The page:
Short On Doctors, Brattleboro Health Providers Embrace Telemedicine

Jan 12, 2018

Rural communities across the country face a shortage of doctors of all kinds, and Vermont is no different.

But as technology advances, and patients get more comfortable with video conferencing, health care officials say telemedicine might be one way to address the shortage.

Dr. Kyle Hagstrom, a psychiatrist at the Brattleboro Retreat, is sitting down in front of a computer. Hagstrom is having a meeting with Dr. Jarred Zucker, the newest full-time staff member at the Retreat.

Zucker lives in Brooklyn, New York. And even though he's working full time for the southern Vermont psychiatric hospital, he's not moving up to New England.

That's because Zucker is a telepsychiatrist.

He sees his patients remotely, but takes part in the same meetings and trainings that the other doctors at the Retreat do.

Dr. Mark McGee, chief medical officer at Brattleboro Retreat, says the Retreat has been experimenting with telemedicine over the past year and this month the hospital hired three new telepsychiatrists who live in New York City and Rhode Island.

"It really no longer matters where the clinician is," says McGee. "It really is about bringing the clinician to where the patient is. And what that allows us to do, is to really ensure that when patients are in need of care, and they come to us for care, that we can provide that care when they need it."

Vermont's psychiatric hospitals have the same challenges that are facing primary care services — psychiatrists are getting older and retiring, and younger families are not moving to Vermont.

McGee says staff shortages put pressures on the whole system and affect patient care.

He says telemedicine is one way to broaden the application pool when staff positions open.

"In a remote place such as southeastern Vermont, recruitment and retention is a challenge," McGee says. "And so by being able to expand our medical staff to fully robust and healthy levels, we're able to really decrease the individual burden of each individual member."

Over the past few years, McGee says the cost of purchasing and maintaining telemedicine equipment has come down.

The security is also much better, he says, and internet speeds have improved to the extent that complex medical imagery can be uploaded in real time.

"These are relatively ubiquitous technologies that many of us use on a daily basis. It really has broken down the barriers of acceptance that may have existed previously. And so what we have discovered is that that perception, that barrier, no longer exists anymore." — Dr. Mark McGee, Brattleboro Retreat

And most importantly, McGee says, patients are ready for this brave new world.

"These are relatively ubiquitous technologies that many of us use on a daily basis," says McGee. "It really has broken down the barriers of acceptance that may have existed previously.

"And so what we have discovered is that that perception, that barrier, no longer exists anymore. And that the technology is so pervasive that people accept it as a part of modern life."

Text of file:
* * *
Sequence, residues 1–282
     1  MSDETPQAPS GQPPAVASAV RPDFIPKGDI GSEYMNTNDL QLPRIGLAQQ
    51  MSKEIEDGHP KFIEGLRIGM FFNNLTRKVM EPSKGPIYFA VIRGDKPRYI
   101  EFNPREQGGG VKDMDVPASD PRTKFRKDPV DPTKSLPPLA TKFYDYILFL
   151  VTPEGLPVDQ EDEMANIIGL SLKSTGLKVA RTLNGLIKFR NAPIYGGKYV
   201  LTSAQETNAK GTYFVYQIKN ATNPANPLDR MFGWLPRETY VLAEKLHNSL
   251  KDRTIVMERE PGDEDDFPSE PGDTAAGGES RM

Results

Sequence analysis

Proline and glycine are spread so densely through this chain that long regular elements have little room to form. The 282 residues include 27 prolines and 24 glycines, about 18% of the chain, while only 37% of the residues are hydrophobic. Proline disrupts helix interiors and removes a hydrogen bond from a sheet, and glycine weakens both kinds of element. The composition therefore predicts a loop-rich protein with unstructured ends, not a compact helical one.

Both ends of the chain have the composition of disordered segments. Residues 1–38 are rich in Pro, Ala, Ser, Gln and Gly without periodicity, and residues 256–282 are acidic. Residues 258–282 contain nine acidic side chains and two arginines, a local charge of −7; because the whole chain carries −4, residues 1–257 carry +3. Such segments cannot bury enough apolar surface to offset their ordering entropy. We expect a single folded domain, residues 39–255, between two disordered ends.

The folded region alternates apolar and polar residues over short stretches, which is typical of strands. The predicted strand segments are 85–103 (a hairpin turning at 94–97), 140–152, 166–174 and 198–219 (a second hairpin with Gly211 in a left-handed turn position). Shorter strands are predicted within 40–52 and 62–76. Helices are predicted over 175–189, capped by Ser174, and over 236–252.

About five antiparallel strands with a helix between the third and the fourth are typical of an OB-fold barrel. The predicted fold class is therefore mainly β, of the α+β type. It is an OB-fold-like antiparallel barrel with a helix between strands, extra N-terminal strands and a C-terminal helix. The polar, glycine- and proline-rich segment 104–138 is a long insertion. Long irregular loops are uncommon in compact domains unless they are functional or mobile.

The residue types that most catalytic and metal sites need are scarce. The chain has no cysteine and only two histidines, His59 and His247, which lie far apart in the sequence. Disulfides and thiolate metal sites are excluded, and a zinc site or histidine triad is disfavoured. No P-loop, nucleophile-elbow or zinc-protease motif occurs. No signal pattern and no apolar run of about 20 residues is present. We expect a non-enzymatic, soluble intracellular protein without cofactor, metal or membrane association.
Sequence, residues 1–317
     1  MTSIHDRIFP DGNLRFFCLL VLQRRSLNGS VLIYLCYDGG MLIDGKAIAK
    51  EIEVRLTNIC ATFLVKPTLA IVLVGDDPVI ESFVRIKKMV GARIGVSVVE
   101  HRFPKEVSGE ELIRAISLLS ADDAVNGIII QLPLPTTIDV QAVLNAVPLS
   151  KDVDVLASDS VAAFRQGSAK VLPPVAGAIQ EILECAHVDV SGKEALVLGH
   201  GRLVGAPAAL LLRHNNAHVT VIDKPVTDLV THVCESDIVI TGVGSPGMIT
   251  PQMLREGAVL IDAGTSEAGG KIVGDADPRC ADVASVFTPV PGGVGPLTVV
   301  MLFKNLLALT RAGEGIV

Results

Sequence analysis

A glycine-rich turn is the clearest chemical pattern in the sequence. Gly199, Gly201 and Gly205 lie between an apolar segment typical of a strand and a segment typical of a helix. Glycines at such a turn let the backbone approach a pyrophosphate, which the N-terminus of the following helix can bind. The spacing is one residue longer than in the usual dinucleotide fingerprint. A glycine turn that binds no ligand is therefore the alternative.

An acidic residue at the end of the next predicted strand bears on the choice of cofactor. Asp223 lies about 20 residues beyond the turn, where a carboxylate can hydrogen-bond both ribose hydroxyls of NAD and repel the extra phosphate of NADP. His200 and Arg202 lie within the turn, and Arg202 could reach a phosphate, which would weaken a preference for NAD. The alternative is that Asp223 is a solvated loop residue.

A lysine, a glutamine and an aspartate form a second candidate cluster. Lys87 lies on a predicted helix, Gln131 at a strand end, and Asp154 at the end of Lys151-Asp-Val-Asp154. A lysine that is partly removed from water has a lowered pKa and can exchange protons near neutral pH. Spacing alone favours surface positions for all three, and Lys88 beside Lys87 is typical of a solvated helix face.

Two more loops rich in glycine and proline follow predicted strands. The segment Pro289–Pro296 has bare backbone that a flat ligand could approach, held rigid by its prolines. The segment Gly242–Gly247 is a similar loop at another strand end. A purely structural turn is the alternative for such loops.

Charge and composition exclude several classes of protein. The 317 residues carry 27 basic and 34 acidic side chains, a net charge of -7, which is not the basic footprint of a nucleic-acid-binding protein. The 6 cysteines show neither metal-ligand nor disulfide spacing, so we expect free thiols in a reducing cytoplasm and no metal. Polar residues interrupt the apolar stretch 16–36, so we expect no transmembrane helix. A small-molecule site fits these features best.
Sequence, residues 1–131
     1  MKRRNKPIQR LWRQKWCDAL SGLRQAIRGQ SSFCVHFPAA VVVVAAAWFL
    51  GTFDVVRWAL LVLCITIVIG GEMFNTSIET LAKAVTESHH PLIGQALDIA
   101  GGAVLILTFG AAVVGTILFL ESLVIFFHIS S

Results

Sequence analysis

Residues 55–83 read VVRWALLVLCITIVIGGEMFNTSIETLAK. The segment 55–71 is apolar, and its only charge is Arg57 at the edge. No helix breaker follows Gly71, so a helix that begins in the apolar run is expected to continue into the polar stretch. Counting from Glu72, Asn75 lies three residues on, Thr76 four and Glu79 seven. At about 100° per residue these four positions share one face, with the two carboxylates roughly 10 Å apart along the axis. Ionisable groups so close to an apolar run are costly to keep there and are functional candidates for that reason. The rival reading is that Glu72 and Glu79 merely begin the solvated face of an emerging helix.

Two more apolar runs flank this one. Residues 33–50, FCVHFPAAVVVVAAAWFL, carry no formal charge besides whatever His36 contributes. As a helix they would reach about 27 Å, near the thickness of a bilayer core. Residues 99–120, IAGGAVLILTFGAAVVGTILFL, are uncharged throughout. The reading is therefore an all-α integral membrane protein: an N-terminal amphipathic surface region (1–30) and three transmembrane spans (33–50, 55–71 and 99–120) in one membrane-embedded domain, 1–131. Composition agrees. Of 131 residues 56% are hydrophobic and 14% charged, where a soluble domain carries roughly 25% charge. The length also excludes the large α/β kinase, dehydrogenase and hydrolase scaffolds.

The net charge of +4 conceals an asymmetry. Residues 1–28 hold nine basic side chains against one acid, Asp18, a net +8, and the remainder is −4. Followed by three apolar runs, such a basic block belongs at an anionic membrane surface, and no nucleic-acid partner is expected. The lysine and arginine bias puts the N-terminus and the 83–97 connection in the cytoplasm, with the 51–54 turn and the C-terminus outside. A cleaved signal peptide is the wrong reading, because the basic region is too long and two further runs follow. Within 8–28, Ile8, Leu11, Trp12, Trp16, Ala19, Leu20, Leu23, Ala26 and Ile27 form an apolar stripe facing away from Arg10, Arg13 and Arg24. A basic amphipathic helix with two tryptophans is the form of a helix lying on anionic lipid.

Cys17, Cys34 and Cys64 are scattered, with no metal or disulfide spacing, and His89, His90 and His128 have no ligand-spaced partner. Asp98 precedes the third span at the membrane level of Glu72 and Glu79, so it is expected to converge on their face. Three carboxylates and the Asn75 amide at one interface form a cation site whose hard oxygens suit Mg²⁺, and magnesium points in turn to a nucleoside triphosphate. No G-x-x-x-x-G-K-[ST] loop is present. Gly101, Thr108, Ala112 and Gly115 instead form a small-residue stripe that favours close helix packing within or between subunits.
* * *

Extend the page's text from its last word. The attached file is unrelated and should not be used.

Last year, Gov. Phil Scott signed a bill that requires insurance companies to cover telemedicine service inside people's homes.

And as the state moves away from a fee-for-service model, and pays physicians instead for better outcomes, telemedicine could be one way to help increase doctor visits and improve care.

Devon Green, the vice president of government relations for the Vermont Association of Hospitals and Health Systems, says telemedicine will become an important tool for Vermont's rural hospitals as the health care system changes.

"Vermont is moving into value-based care, where doctors are getting reimbursed for their outcomes, as opposed to just their services that they're providing," Green says. "So it's more incentive to provide preventive care and having more touch points, instead of just coming in a couple of times of the year just to ensure that there's no crisis and it doesn't bloom into an emergency.

"Vermont's rural nature makes telemedicine a useful tool to do that. It makes it easier for doctors to communicate with their patients more often."

Dr. Kathleen McGraw, Brattleboro Memorial Hospital's chief medical officer, stands in front of a telemedicine machine during a demonstration at the hospital while Dr. Mark McGee, Brattleboro Retreat's chief medical officer, listens in.
Credit Howard Weiss-Tisman / VPR

A shortage of psychiatric beds in the state have led to patients spending too long in hospital emergency rooms. Kathleen McGraw, Brattleboro Memorial Hospital's chief medical officer, says telemedicine gives hospitals a way to at least get treatment to these patients earlier.

McGraw says Brattleboro Memorial Hospital is close to signing a deal with the Brattleboro Retreat to bring telepsychiatry services into the emergency department.

"The need for more availability of psychiatric beds within the state of Vermont still exists and this doesn't change that," says McGraw. "What this does is it gets treatment sooner to those patients. And hopefully in the long run it will reduce their length of stay.

"If they're treated a little bit sooner in our emergency department and can get started with the care that they need, then maybe they won't need to be in that bed that they get to eventually for quite as long."

Brattleboro Memorial Hospital is also using telemedicine to treat stoke victims through a contract with Dartmouth-Hitchcock Medical Center.

McGraw says the technology and acceptance of telemedicine is moving faster than the regulatory and billing debates, but she expects the services to only increase in the coming years.

The Brattleboro Retreat is a VPR underwriter.